The main problem with GAS is that, by default, you edit your scripts entirely in an in-browser editor within Google Apps. It’s a fine editor as far as in-browser editors go, but there’s absolutely no tooling – no
chai for testing, no
eslint, etc. On top of this, your GAS code is “deployed” by Google via tagging versions of a what is effectively a Google Doc. In other words, there is no
git push heroku or
apt-get install my-code.deb.
After some tinkering I was able to get a reasonably sane build and deploy process built for our GAS add-on using the following tooling:
Unfortunately, the few tools I found for pushing code to GAS files on Google Apps weren’t working and appeared abandoned. In the end I created python-gas-cli to handle both authorizing your tooling and figuring out which files to “deploy” to a GAS file using the GDrive API.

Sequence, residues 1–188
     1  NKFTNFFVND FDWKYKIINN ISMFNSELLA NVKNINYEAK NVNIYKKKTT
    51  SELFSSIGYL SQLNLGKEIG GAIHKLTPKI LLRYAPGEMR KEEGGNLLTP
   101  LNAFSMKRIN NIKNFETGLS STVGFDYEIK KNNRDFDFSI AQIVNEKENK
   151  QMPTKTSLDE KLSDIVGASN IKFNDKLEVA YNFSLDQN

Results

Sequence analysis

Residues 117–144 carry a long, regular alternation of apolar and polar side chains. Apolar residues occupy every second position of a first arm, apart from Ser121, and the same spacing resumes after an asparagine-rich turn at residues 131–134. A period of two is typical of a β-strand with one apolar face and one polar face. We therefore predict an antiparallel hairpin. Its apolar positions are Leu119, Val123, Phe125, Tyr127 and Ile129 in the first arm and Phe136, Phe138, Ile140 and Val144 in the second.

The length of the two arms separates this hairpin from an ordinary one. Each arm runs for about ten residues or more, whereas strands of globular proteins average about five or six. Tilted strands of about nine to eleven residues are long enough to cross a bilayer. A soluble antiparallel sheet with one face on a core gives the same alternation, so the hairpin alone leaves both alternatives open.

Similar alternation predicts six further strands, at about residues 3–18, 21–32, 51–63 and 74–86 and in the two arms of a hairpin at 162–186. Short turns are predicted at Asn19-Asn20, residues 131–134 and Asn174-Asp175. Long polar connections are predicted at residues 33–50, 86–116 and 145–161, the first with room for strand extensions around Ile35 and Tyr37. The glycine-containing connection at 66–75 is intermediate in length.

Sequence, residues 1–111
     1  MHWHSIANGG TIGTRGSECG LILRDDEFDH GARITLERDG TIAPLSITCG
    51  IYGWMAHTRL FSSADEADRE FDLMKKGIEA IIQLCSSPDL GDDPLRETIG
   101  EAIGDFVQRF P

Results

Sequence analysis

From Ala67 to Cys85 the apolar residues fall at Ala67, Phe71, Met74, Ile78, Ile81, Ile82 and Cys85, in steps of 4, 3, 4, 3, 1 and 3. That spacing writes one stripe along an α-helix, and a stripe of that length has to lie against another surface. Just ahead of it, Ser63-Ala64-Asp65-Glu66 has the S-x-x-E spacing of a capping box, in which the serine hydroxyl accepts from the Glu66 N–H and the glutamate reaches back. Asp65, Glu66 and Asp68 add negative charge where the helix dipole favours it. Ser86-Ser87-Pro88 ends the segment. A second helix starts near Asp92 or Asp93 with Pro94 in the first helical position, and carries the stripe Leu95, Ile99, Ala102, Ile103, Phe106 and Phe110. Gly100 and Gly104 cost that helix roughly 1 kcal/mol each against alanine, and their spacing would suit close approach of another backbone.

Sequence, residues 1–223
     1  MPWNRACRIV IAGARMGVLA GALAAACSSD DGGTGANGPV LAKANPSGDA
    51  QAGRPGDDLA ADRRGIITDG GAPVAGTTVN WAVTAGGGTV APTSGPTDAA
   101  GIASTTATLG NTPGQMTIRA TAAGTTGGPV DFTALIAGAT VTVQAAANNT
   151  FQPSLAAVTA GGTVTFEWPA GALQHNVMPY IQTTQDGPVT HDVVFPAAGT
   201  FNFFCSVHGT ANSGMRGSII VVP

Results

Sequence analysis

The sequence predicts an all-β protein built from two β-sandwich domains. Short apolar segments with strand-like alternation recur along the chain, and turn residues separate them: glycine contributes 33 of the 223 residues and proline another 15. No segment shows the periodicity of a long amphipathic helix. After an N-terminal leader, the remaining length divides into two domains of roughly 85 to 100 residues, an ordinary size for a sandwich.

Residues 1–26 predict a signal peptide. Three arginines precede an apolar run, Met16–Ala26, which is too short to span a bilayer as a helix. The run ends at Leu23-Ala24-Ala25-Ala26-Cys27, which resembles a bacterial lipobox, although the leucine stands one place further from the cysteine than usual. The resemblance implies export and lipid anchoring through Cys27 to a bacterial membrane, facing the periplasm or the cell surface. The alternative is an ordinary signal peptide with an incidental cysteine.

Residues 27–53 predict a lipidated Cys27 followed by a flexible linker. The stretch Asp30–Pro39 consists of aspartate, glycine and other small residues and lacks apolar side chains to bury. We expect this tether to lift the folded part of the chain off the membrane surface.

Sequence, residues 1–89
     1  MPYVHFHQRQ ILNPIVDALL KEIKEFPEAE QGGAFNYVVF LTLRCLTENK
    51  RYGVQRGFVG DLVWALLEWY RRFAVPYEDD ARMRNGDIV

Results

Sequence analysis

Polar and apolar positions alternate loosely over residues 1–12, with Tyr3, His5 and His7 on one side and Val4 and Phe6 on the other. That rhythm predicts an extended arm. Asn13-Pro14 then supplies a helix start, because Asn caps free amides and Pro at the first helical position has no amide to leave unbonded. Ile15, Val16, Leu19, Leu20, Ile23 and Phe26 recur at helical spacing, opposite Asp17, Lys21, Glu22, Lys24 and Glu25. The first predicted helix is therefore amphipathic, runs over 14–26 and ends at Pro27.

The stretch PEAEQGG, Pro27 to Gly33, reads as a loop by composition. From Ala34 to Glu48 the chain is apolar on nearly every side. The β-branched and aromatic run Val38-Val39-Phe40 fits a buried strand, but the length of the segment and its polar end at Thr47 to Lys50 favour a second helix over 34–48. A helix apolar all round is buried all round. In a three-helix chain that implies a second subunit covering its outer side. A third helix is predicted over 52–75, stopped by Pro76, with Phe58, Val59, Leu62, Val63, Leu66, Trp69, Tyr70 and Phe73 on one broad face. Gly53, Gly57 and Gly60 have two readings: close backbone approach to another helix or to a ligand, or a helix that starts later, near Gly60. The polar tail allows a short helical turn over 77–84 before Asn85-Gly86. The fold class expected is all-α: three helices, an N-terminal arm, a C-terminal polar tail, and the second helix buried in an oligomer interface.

After a little testing, I figured out that Browserify works just fine. GAS requires a
Code.gs as an entry point to your GAS add-on. All I had to do to get Browserify working was make sure my output went into
Code.gs. Easy enough.
Once I’d verified that Browserify
Code.gs files would work within the GAS environment, a utility for “deploying” code to GAS files, and had my basic tooling in place locally on the CLI, it was just a matter of tying it all together in Travis-CI.
I’ve put together a gist that includes our
travis.yml file and the related scripts that we’re using for our GAS CI environment. The basics of this process goes a little like:
eslintand our tests with
- Use Browserify to build our
- Copy over any HTML files that need to be pushed with our
python-gas-clito “deploy” the build.
Once you have that wired in the only thing left to do is set up credentials using
gas authorize locally and then add the credentials JSON file to your repository along with your OAuth2 client secrets file.
Oh, and don’t forget to
git push this time around. ;)